FRANKFURT (Reuters) - Buyout group EQT has emerged as the leading bidder for a stake in Germany’s Ottobock, the world’s largest maker of artificial limbs, as talks with rival investor CVC continue, people familiar with the matter said.
The investors have each made an offer to take a 20 percent stake in Ottobock’s core healthcare division as part of efforts to prepare the company for an eventual stock market listing, the people said.
Ottobock, which was founded in 1919 as a maker of prosthetics for World War One veterans, said in January it was worth about 3 billion euros ($3.4 billion) and was being advised by JP Morgan on the sale.
The field of bidders has since narrowed to just EQT and CVC, the sources said, although another source said a third bidder was circling.
While EQT is seen as having an edge in striking a deal with the private company owned by its founder’s grandson Hans Georg Naeder, the talks are not exclusive and may still fall apart, the people said.
Ottobock, an official partner of the International Paralympic Committee, is seeking financial backing to develop more bionic devices, prosthetic limbs and orthotic braces closely modeled on natural mechanisms.
The deal would help it to pursue “even quicker profitable growth and groundbreaking innovations for the people suffering a handicap”, Naeder said in the statement in January.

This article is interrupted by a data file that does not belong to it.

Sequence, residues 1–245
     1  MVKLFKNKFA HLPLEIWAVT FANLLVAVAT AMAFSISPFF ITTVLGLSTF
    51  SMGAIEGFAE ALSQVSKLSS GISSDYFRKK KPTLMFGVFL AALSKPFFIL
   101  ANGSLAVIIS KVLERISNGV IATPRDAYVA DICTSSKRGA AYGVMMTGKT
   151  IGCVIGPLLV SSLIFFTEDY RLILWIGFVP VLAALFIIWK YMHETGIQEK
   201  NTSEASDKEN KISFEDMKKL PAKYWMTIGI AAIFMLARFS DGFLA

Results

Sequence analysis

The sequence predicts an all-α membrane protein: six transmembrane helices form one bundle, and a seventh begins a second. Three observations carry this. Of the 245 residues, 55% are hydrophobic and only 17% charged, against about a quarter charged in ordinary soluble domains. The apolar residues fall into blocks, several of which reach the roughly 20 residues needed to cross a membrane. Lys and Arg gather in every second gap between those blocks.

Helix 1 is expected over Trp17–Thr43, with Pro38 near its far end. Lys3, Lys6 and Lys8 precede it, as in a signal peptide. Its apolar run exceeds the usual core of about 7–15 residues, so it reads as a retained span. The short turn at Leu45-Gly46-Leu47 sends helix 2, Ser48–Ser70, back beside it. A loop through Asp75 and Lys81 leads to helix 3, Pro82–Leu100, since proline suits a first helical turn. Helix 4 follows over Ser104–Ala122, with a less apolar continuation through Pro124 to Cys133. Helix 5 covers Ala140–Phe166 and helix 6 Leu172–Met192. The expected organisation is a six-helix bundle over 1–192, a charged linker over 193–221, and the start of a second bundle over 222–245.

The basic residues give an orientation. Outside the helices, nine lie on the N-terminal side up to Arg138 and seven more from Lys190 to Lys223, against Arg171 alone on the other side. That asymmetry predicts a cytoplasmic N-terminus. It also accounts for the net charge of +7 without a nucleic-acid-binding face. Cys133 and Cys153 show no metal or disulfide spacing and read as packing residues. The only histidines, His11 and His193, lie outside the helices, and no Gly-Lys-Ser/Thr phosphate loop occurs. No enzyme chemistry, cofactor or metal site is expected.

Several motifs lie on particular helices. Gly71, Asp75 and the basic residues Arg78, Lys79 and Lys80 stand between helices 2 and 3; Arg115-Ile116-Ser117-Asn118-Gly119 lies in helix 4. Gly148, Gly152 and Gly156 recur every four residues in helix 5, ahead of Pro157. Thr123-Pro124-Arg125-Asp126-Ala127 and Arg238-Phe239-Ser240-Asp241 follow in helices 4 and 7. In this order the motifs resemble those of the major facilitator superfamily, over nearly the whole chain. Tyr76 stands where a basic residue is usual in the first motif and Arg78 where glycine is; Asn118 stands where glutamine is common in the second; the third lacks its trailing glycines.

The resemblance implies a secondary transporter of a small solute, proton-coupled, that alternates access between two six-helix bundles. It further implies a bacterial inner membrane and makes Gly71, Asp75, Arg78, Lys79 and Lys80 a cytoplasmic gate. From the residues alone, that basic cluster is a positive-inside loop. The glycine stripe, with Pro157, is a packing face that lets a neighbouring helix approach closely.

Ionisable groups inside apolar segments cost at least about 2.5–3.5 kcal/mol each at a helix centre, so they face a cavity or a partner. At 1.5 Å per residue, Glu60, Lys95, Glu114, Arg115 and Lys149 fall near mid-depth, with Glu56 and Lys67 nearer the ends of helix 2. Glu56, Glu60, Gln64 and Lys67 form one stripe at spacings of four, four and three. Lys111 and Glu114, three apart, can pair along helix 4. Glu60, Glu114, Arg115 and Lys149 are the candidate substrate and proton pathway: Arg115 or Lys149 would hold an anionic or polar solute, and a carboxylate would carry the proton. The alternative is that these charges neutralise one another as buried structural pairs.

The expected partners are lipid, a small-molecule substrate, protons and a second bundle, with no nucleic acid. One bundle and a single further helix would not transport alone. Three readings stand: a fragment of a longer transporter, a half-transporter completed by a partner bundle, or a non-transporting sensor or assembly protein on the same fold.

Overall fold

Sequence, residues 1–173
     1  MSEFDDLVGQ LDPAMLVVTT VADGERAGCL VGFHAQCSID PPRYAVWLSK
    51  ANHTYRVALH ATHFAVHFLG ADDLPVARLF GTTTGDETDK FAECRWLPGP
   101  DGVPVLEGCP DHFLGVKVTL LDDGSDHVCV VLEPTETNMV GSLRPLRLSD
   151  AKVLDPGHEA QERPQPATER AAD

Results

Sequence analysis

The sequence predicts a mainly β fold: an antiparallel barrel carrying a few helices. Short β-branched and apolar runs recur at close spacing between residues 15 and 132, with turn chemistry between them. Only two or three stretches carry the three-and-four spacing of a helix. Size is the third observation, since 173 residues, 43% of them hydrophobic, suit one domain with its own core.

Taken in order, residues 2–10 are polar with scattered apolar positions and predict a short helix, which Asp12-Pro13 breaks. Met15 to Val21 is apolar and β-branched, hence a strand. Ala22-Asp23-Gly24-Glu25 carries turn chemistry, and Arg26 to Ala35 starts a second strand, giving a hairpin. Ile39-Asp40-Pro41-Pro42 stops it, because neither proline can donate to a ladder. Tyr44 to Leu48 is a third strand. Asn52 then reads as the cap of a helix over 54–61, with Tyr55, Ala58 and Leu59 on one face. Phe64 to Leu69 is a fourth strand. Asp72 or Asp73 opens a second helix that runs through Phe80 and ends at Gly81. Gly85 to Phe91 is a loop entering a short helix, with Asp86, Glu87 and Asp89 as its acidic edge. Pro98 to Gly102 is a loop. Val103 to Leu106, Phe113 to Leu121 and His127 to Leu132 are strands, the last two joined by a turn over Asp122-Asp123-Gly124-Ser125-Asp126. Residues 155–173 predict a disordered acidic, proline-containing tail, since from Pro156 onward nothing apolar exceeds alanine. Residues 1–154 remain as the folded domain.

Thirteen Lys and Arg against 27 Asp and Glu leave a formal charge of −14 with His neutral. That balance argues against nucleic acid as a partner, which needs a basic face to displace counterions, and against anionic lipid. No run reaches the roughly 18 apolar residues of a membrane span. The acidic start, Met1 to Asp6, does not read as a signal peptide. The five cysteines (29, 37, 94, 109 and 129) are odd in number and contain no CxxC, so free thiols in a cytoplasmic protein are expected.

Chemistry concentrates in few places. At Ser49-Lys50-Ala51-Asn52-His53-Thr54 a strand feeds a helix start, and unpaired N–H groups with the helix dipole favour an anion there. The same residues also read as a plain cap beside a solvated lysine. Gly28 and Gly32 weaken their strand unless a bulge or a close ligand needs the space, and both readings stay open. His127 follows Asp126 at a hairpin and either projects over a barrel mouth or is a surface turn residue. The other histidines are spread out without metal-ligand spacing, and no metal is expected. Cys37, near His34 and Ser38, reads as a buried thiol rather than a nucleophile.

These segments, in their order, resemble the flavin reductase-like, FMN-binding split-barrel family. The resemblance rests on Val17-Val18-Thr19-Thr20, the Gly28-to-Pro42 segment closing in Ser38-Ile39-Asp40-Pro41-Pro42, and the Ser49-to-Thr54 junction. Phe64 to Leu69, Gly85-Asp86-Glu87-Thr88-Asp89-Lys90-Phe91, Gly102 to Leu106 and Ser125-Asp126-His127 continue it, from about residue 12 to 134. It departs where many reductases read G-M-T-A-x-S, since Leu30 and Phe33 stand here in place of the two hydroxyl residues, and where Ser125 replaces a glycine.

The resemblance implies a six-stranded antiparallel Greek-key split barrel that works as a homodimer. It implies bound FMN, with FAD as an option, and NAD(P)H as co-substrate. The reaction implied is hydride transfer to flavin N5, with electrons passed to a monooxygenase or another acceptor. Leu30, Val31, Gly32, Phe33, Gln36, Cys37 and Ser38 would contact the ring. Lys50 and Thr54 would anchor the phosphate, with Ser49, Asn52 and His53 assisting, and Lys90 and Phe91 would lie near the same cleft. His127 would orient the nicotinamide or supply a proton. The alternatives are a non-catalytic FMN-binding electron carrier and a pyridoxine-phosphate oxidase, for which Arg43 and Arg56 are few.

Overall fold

The 3 billion euro valuation represents a multiple of 12 times the company’s expected 2017 earnings before interest, tax, depreciation and amortization (EBITDA) of 250 million euros.
That’s a discount to some rivals as the business includes lower-margin wheelchairs. Iceland’s Ossur OSSRu.IC, for example, trades at 17 times expected core earnings.
EQT and Ottobock declined to comment, while CVC was not immediately available for comment.
JP Morgan has provided a staple financing that will be offered to the successful buyer, banking sources said.
That financing totals 3 times EBITDA and is expected to be in the form of loans. It will be structured to sit at the operating company level, banking sources said.
Ottobock has said in the past it wanted to go public in 2018/19, possibly floating a stake of 25 percent with Naeder staying in control. It has declined to provide a more specific timeline for the initial public offering.
Reporting by Arno Schuetze; Additional reporting by Claire Ruckin in London; Editing by David Clarke and Mark Potter